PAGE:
High-tech surveillance equipment and two tracking dogs have been called in after a wallaby was spotted in South Hokianga.
Staff from Northland Regional Council and the Department of Conservation (DOC) and Te Roroa iwi members are scouring about 500 hectares of farmland and native bush.
Council biosecurity manager Kane McElrea said a person had seen a wallaby on at least two separate occasions at their Waimamaku property in recent months, but did not initially appreciate the potential significance of the sightings.
The council became aware of the situtaion in mid-April when another Hokianga local heard about the sightings and reported them to DOC.
Initial surveillance using high-tech thermal imaging equipment, baited motion-detection cameras and DNA testing of scat and fur had not yet confirmed the wallaby's presence, Mr McElrea said.
Two specially-trained wallaby tracking dogs and their handlers had arrived in Northland in the past few days to help with the search.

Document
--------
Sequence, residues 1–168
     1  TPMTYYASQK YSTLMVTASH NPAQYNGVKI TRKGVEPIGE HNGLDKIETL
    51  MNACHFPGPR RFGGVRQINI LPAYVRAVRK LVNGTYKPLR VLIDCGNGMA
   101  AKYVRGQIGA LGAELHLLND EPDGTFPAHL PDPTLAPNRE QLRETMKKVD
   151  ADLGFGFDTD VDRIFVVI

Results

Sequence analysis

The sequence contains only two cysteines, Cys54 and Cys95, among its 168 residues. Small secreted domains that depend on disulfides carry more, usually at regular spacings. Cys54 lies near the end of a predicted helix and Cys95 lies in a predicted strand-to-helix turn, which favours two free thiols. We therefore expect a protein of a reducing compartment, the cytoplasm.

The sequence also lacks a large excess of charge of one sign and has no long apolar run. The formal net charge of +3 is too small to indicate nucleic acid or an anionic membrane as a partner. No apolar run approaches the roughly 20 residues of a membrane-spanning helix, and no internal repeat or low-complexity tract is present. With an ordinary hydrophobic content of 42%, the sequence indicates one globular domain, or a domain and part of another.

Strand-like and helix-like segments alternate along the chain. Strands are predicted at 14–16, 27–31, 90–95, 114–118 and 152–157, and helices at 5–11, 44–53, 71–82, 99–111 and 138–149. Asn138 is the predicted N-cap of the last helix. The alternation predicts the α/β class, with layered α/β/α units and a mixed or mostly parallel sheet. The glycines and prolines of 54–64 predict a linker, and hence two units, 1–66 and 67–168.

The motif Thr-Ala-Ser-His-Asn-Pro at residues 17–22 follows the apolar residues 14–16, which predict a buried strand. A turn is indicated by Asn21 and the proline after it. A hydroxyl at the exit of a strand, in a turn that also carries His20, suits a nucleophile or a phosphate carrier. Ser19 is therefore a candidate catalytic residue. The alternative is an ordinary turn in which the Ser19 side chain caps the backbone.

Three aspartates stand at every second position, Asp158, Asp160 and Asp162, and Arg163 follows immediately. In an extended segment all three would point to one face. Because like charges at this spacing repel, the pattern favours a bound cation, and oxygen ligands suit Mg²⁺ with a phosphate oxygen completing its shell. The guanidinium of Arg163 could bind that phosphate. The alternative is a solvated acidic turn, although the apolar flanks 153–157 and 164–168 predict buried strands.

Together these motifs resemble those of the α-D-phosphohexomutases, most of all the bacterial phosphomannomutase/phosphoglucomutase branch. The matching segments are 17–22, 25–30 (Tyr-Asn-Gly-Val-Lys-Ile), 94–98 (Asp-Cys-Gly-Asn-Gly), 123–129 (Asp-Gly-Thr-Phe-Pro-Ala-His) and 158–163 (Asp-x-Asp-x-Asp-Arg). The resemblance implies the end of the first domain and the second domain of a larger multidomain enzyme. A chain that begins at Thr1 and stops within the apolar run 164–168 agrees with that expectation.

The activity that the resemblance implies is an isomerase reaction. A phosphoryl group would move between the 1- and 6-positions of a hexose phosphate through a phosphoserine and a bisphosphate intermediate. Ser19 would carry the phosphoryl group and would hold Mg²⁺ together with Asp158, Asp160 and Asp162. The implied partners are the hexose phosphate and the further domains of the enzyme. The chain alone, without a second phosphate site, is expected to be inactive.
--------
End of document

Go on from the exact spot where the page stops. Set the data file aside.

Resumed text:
Wallabies were unwanted because they eat native and exotic seedlings and pasture, Mr McElrea said.
That made them potentially costly to the farming and forestry sectors and posed a risk to native bush too, as they could limit the regeneration of some species.
"In my opinion, they're even more of a threat to Northland than possums, which is why they're are formally classified [by the council] as an 'exclusion pest,'" he said.
Several wallaby species already live in other parts of New Zealand, including South Canterbury and Rotorua, so the potential Northland sightings were being taken seriously, Mr McElrea said.
"If indeed a wallaby or wallabies are here, the most likely scenario is a deliberate, and illegal liberation from either the central North Island or Kawau Island."
Wallabies were famously introduced to New Zealand almost 150 years ago, when Sir George Grey released them on Kawau Island in the Hauraki gulf.